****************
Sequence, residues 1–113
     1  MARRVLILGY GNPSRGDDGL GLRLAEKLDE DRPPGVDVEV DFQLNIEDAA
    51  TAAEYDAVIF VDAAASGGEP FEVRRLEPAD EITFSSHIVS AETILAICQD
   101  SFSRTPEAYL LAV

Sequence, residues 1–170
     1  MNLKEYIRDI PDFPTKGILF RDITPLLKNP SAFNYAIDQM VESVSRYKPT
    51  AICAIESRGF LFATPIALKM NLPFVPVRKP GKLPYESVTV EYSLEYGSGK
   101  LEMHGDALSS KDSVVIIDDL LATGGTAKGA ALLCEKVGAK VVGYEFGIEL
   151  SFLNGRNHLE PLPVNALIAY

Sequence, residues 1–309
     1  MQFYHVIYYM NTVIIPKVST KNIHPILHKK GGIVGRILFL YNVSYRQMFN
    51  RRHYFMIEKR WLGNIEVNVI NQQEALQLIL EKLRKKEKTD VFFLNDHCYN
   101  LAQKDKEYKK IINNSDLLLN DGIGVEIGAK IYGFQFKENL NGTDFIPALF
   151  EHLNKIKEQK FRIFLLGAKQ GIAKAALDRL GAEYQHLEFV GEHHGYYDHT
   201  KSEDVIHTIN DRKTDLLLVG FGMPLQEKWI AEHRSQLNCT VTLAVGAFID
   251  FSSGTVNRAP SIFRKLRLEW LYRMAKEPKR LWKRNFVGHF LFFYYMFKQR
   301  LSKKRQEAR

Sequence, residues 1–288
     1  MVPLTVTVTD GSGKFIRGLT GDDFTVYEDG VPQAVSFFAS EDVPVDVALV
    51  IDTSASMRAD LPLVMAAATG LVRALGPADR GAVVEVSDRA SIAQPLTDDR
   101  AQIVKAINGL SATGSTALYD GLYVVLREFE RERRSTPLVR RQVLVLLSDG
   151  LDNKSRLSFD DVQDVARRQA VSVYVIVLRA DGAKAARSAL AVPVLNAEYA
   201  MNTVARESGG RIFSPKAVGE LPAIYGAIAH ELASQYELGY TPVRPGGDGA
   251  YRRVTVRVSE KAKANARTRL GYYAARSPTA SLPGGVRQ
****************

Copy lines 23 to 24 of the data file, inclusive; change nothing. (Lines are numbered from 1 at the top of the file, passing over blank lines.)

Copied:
   201  MNTVARESGG RIFSPKAVGE LPAIYGAIAH ELASQYELGY TPVRPGGDGA
   251  YRRVTVRVSE KAKANARTRL GYYAARSPTA SLPGGVRQ